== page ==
The YPG units fighting against the Islamic State in Northern Syria are the armed branch of the Democratic Unity Party (PYD), which is a Kurdish political party in Syria that happens to be aligned with the Kurdistan Workers’ Party, also known as the PKK. The PKK is based in Turkey and responsible for a decades-long terrorism campaign that has killed hundreds of soldiers and civilians in their quest for independence. Their leader, Abdullah Ocalan, was arrested and jailed in 1999 – just one week prior to my visit to Eastern Turkey. Meanwhile, Northern Iraq is run by the Kurdistan Democratic Party, led by Massoud Barzani. While also seeking an independent Kurdistan, the KDP is not particularly friendly with the PKK/PYD – in fact, they are rivals for leadership of the Kurdish people.
It’s a complicated situation, no matter how you look at it.
What has the impact been in the six weeks since the deal was reached? How much of a “game changer” has it really been? Not much, according to the numbers. Using the press releases from the Combined Joint Task Force in charge of Operation Inherent Resolve, Common Sense has plotted the total number of strikes per week as well as the number and percentage of those strikes dedicated to the different areas of operation in Syria and Iraq.
In the four weeks prior to the US-Turkish agreement, Operation Inherent Resolve was launching an average of between 150 and 225 weekly strikes, with a trend to more strikes. There is variability from week to week depending on the tempo of combat operations and the target of opportunity that present themselves. Even after taking into account such variability, strikes in Northern Syria have fallen since the Turkish deal: from an average of 40% of strikes to an average of 27% of strikes.
Syria is the key theater in which this has occurred; over the same period, the percentage of strikes against Northern and Southern Iraq have remained steady while targeting of Central Iraq has increased substantially. Although it is true that Iraqi government forces and Hashed Shiite militias have been driving on Tuz, Bayji and clearing out the region around Samarra; it is just as possible that these offensives became possible because of Turkish opposition to a continuation of Coalition support for the YPG in northern Syria.
It seems likely that this is the case; and if so, the timing is atrocious. The precipitous fall in US air support for the YPG means that the Kurdish faction is unlikely to be able to continue their offensive against the Islamic State. Expanding from Kobani, the Peshmerga had driven ISIL out of Tal Abyad and Ain Issa. This offensive had practically severed the links to the jihadist forces besieging the strategic town of Al Hasakah and permitted the recapture of that city by a joint force of Kurdish and Syrian government troops. It was also driving the Islamic State back upon their de facto capital of Ar Raqqah, the fall of which would have been a major propaganda blow against Al Baghdadi’s forces.
Even more importantly, the relief of pressure will allow the Islamic State to reallocate personnel, equipment and supplies to other operations. One of these is the current offensive towards Marea, clearing out Syrian rebels from the Turkish border region north of Aleppo. This has a practical component, which is to secure the remaining section of a key supply chain; but it also has an ideological component as the town of Dabiq is located in this region. Dabiq is where the Islamic State believes the last battle will be fought against the armies of darkness. Yes, that last battle. Control of this town necessarily bolsters the morale of ISIL fighters and reinforces the message that they are favored of God.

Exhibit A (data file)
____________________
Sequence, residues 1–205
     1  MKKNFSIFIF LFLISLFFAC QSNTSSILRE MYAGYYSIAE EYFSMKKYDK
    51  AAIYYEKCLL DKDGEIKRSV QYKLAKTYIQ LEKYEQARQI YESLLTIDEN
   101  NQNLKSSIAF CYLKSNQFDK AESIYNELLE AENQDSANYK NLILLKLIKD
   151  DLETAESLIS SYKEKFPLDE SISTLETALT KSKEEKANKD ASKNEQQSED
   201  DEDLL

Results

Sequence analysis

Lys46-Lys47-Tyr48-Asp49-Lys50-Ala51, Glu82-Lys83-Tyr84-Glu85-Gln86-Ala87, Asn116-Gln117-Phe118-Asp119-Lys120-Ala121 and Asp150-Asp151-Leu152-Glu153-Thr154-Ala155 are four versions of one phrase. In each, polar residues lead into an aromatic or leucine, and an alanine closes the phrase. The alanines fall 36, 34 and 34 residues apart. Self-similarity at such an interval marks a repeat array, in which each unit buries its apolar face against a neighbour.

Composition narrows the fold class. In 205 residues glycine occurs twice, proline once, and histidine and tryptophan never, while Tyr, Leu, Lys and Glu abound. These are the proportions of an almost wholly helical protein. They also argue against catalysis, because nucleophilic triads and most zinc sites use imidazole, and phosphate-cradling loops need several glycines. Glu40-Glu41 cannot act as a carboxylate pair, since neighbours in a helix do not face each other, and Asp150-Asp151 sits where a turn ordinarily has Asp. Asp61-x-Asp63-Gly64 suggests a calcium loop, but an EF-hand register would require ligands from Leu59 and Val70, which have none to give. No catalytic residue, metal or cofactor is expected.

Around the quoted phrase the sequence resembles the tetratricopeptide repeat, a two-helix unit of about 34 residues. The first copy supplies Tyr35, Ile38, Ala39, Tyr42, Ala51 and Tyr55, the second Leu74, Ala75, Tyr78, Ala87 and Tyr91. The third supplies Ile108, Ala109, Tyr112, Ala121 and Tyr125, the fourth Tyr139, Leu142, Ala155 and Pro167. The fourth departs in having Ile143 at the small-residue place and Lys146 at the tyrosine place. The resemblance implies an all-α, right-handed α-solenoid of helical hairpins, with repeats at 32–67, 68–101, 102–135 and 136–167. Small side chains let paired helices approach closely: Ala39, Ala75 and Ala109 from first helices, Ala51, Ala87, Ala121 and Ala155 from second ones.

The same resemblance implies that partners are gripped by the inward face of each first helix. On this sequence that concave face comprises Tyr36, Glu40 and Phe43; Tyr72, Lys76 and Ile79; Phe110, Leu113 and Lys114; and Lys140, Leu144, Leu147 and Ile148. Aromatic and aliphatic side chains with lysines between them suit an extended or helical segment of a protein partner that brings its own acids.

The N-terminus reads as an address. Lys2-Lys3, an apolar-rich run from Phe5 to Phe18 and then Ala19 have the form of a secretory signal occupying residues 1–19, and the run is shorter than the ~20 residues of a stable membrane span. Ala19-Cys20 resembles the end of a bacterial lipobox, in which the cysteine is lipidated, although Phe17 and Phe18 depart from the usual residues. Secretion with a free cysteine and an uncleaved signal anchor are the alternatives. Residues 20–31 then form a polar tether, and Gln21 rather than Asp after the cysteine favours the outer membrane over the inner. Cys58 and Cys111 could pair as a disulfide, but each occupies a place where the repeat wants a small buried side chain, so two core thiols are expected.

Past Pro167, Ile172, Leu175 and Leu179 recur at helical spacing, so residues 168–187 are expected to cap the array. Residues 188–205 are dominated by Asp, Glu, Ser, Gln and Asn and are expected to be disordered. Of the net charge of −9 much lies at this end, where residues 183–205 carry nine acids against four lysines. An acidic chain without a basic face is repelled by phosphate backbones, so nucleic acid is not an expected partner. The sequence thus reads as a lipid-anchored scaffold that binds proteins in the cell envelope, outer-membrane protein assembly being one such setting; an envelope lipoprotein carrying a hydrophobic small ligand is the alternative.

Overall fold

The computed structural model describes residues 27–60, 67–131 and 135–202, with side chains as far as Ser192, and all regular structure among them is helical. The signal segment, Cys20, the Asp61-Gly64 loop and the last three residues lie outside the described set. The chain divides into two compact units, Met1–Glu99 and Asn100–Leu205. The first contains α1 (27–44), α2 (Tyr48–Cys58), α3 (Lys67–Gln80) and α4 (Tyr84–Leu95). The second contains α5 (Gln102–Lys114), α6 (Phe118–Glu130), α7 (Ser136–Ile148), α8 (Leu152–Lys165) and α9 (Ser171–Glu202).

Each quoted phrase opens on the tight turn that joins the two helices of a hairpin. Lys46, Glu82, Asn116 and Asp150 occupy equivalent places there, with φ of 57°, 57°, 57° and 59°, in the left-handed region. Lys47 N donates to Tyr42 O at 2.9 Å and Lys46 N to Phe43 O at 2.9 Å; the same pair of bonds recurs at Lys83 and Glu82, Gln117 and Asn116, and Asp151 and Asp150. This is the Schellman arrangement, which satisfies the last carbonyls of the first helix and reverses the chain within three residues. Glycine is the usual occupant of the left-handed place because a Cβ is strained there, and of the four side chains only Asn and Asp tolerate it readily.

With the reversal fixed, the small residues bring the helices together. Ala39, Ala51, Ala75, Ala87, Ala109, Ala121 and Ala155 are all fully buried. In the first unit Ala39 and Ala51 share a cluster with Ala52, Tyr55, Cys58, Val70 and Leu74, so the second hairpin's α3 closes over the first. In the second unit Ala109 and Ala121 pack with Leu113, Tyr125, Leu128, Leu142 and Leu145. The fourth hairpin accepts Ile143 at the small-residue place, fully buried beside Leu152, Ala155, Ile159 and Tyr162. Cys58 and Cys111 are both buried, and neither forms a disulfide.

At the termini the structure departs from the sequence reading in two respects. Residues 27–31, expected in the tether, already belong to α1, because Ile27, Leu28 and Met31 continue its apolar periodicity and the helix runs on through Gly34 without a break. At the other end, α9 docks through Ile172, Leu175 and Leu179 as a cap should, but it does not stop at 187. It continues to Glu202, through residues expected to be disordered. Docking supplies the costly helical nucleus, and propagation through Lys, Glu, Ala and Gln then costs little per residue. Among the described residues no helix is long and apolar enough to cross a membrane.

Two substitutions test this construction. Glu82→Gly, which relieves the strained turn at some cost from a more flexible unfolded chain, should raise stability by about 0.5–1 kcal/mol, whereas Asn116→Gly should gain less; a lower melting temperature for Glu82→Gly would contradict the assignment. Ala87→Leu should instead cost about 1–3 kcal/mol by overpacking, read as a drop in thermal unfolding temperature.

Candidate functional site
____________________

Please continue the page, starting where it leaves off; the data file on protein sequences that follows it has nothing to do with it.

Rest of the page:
Most importantly, it allows the Islamic State to reinforce the drive towards Damascus. They already have a foothold in the southern neighborhood of Qadam, where fighting has raged since earlier in the week. I’ve argued before that the fall of Damascus to the Islamic State could be the catalyst that sets off a sweeping ideological and theological change in the Sunni Arab world. The capture of the capital of the very first Islamic Caliphate could be the proof many are seeking that Al Baghdadi’s group is truly God’s chosen instrument for restoring the glories of the Islamic Empire; it could bring about the realignment of Al Qaeda and other jihadist groups with ISIL. Even worse, it could radicalize the Wahhabis of Saudi Arabia, who are theologically kissing cousins with the extreme Salafism of the Islamic State.
That truly would be a game changer.
Common Sense will continue to track and report on these trends, but for the moment, the addition of Turkey to Operation Inherent Resolve appears more like a lodestone around our necks than anything beneficial.
 Liz Sly and Karen DeYoung, “Turkey agrees to allow U.S. military to use its base to attack Islamic State,” The Washington Post, 23 July 2015
 Ishaan Tharoor, “This Turkish base could be a game-changer in the U.S.-led war against the Islamic State,” The Washington Post, 24 July 2015
 “Syrian Kurds accuse Turkey of attacking their forces,” BBC, 27 July 2015
 Fernando Betancor, “Outside the Box: Can the Islamic State Actually Win?” Common Sense, 12 June 2015 and Fernando Betancor, “Outside the Box: How Close is the Islamic State to Victory?” Common Sense, 04 September 2015